Barbara van Loon hopes to establish a shared biobank for rare diseases. A shared database would make it easier for researchers from all over the world to study rare diseases, to have access to larger groups affected by the same genetic mutations and at the same time have the best matched healthy control groups. Photo: NTNU

Professor Barbara van Loon is the researcher behind the discovery. She is a graduate of MIT and the University of Zurich, and came to NTNU from Switzerland a few years ago. Her expertise is in the field of DNA repair.

Studying these syndromes is challenging because the number of individuals affected by each syndrome is very low.

The low number makes it difficult for researchers to obtain a large enough number of samples to be able to draw conclusions.

“Individually, many of the syndromes are rare, but a lot of people are affected if you combine all the rare syndromes,” says van Loon.

Made stem cells from patients’ skin cells to grow mini-brains

She obtained blood cells from five boys with rare syndromes. In this way, she gathered enough genetic material to find a link.

To recreate the development of the disease, she created stem cells from skin cells from a child with a rare syndrome, and cultured mini-brains of these cells.

Her research allowed her to see that the cause of the syndromes was a protein called p53. This protein plays a major role in very basic neurological mechanisms.

If p53 gets out of control, a cell can develop into a cancer cell. It is well known that this gene is important in the development of cancer. Now, for the first time, van Loon and her colleagues have documented that it can also lead to such great problems with the brain’s development to cause intellectual disabilities.

“Our findings don’t mean that we can come up with a quick cure, but being able to explain the very basic mechanisms behind an illness is an important prerequisite for developing diagnostics and serving as a basis for future treatment. It’s also important in itself to give the affected families more information about the disease and how it’s developed,” says van Loon.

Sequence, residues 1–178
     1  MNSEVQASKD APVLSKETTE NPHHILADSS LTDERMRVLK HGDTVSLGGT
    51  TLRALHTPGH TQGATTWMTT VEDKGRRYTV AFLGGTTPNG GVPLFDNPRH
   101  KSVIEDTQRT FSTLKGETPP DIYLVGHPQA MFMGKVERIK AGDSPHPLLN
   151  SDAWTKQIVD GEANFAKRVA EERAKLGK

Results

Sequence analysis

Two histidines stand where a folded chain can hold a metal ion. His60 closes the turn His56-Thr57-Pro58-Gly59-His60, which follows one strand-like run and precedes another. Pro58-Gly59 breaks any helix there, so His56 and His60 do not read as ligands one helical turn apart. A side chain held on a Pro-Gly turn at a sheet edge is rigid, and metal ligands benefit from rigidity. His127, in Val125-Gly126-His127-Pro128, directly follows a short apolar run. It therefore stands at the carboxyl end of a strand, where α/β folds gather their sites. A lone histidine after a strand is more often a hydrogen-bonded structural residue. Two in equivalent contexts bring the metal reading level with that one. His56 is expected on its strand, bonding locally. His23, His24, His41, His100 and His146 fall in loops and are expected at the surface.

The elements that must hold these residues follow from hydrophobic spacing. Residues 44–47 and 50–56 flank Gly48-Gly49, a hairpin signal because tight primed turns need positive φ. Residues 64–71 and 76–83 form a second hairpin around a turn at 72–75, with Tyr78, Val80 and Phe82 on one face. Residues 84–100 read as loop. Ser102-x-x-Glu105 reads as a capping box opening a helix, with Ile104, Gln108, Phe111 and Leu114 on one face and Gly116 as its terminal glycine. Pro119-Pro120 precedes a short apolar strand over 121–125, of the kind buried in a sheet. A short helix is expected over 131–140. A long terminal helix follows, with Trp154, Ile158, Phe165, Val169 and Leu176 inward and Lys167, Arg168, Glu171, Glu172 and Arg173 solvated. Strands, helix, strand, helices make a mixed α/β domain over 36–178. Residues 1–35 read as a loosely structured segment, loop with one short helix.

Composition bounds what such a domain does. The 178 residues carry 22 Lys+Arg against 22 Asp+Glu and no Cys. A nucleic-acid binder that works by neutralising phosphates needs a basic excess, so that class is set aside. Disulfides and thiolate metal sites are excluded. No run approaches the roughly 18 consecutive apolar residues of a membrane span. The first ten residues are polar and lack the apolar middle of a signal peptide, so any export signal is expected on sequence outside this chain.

Basic, not applied research

Barbara van Loon works on basic research, which focuses on the very basic and fundamental processes in human beings. Her research is driven by the goal to discover completely new cell connections.

Van Loon's research findings are important pieces in the large puzzles that could result in a future breakthrough in how disease should be treated.

Knowledge gained through basic research is the most important source of major breakthroughs in medical treatment, but it can be years between a basic research discovery and clinical applications.

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Reference: Aprigliano R, Aksu ME, Bradamante S, Mihaljevic B, Wang W, Rian K, Montaldo NP, Grooms KM, Fordyce Martin SL, Bordin DL, Bosshard M, Peng Y, Alexov E, Skinner C, Liabakk NB, Sullivan GJ, Bjørås M, Schwartz CE, van Loon B. Increased p53 signaling impairs neural differentiation in HUWE1-promoted intellectual disabilities. Cell Rep Med. 2021 Apr 8;2(4):100240. doi: 10.1016/j.xcrm.2021.100240.